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Find out how the unique designs and construction of custom furniture by Thomas Studios, a Laguna Beach Art Gallery and Home Showroom, offers a safe and sustainable alternative to fast furniture

Eco-conscious consumers around the globe are struggling to strike a balance between a comfortable, contemporary home and a low impact on the environment. Fast fashion has been decried by countless environmentalists and nonprofit organizations focused on protecting the planet — with consumers and creators alike slowly coming around. However, fast furniture has captured the attention of millions of buyers worldwide. This often-discarded furniture offers light-weight materials, cheap prices, and fast shipping while custom furniture largely cannot.

Fast furniture purchases have skyrocketed in the last few months due to self-quarantine cabin fever. However, sustainability-minded consumers have found their way to artisan furniture makers, vintage shops, and antique dealers. They have begun to choose handmade or restored pieces over those made from dangerous materials and designed to fall apart. Follow below to learn more about the dangers of fast furniture and the benefits of artisan-made pieces like those offered by Laguna Beach furniture showroom Thomas Studios.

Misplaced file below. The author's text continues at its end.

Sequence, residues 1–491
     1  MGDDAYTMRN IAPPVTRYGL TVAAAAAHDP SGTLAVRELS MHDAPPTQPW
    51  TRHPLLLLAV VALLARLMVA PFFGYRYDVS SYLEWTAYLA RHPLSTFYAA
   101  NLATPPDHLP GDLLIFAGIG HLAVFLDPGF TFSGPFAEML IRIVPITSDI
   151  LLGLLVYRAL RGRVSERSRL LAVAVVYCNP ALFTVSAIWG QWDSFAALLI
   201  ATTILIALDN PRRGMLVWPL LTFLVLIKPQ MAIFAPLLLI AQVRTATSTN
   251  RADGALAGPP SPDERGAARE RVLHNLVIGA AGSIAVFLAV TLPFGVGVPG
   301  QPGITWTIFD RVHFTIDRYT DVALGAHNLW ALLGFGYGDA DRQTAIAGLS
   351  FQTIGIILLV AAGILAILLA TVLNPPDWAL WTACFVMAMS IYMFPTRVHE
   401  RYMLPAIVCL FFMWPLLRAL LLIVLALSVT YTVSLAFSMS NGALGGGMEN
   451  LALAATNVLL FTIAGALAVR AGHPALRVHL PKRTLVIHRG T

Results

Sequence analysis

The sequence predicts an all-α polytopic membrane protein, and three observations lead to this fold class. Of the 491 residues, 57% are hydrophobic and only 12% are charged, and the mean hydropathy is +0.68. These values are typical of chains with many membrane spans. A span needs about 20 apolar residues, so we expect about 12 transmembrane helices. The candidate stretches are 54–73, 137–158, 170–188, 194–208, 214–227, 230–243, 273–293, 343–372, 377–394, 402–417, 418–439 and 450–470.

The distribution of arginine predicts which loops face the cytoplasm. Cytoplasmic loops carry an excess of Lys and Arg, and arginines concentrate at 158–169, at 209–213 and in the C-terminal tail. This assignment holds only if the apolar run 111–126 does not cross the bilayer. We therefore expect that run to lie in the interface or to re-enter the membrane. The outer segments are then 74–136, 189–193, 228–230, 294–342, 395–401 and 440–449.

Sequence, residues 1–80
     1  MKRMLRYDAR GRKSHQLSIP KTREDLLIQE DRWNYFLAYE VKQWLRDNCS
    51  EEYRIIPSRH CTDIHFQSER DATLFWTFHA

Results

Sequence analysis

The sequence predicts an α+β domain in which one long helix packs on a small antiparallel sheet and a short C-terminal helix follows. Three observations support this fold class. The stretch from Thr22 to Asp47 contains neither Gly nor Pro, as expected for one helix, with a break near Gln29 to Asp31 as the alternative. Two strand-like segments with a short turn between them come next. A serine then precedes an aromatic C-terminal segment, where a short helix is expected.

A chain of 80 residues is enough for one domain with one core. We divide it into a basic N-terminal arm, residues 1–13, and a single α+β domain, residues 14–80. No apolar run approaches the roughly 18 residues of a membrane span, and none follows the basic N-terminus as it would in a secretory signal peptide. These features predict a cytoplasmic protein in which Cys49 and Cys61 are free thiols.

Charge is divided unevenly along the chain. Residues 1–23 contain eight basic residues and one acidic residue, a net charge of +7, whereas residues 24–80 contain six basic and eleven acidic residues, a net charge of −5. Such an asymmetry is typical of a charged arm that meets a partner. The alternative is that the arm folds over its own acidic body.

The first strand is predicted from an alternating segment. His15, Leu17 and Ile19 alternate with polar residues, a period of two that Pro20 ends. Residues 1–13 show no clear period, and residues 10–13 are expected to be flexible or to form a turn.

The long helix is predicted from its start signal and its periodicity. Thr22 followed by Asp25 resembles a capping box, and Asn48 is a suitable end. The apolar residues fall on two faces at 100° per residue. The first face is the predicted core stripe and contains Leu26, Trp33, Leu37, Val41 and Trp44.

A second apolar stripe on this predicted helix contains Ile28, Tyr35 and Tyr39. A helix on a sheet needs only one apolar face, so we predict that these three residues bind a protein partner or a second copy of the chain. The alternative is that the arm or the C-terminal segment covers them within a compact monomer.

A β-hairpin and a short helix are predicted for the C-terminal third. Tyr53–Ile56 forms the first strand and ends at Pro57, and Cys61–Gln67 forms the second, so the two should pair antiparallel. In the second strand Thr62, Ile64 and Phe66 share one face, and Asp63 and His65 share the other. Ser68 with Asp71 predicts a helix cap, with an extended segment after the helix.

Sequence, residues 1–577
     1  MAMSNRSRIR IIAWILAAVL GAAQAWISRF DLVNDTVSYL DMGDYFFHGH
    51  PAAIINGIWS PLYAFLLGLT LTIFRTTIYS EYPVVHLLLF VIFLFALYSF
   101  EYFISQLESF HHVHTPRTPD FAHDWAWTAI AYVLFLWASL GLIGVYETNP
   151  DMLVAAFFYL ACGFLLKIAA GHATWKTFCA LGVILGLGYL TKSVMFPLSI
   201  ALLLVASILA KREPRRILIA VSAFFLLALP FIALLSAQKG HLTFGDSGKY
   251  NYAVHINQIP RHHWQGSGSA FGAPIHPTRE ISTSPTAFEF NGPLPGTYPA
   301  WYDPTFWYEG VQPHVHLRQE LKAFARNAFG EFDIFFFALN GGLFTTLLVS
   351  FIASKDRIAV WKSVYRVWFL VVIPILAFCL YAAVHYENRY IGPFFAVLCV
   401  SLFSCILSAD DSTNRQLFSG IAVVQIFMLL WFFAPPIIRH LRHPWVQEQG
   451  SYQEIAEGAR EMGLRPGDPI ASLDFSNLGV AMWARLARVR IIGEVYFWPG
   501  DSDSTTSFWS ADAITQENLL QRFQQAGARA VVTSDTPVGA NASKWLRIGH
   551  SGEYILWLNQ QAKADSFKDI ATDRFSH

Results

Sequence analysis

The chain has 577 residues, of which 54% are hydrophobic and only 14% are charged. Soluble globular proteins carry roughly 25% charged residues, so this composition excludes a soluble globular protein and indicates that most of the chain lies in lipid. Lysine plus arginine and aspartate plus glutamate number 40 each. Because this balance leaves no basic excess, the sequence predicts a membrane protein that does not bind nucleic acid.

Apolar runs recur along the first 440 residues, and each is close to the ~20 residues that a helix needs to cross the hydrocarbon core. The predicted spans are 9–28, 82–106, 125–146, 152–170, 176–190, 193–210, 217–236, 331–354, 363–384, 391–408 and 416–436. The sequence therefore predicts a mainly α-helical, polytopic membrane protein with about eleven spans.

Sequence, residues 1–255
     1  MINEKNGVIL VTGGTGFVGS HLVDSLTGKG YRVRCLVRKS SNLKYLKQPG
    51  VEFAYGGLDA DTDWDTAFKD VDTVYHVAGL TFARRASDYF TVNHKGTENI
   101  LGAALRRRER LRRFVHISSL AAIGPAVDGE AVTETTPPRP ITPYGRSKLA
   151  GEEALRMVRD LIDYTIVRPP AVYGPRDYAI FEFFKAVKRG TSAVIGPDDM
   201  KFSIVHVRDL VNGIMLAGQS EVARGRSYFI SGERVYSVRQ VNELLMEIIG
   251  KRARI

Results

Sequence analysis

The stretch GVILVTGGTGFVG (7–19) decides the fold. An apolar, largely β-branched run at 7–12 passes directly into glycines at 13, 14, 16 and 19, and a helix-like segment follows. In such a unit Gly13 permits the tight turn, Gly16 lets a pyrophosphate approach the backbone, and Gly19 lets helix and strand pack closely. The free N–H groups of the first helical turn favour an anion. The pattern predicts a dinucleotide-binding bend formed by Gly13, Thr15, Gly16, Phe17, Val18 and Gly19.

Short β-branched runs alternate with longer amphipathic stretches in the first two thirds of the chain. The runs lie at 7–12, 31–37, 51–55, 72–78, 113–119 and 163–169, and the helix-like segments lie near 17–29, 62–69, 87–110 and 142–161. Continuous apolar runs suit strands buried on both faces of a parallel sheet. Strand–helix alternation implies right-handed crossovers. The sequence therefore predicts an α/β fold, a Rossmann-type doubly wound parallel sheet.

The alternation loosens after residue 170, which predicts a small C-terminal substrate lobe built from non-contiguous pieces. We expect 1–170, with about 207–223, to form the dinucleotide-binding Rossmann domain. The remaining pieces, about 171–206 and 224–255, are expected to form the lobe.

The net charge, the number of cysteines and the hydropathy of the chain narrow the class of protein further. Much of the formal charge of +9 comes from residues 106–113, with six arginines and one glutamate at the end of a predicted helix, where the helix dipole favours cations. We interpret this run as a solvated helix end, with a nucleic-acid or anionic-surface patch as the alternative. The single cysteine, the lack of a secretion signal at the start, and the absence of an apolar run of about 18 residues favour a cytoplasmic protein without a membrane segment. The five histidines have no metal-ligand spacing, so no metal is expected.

Fast Furniture and Indoor-Outdoor Pollution

Outdoors: Piles onto Landfills

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Discarded furniture — typically made from non-biodegradable materials infused with harmful, continuously off-gassing chemicals — adds further strain to already too-full landfills. Additionally, the production of new fast furniture pieces spews new pollutants in the air. This is due in part to the fact that most production takes place in large factories, many of which follow few environmental protection regulations. According to the Environmental Protection Agency (EPA)’s brief “Durable Goods: Product-Specific Data,” across the United States in 2017, “the majority of furniture and furnishings…was landfilled (80.2 percent),” an increase from years prior.

The inclusion of polymer plastics and adhesives in today’s cheap furniture pieces makes them difficult to recycle. Because elements (wood, plastic, glass, adhesive, etc.) cannot be isolated, it can be complicated — if not impossible — to properly break down fast furniture. Cheap furniture is designed to be thrown away and replaced with a new piece whenever the consumer desires. Because of this, much of it sits in landfills for decades — or longer — hurting the environment. However, this furniture is not only damaging to the external environment. It can also pollute interior environments through off-gassing.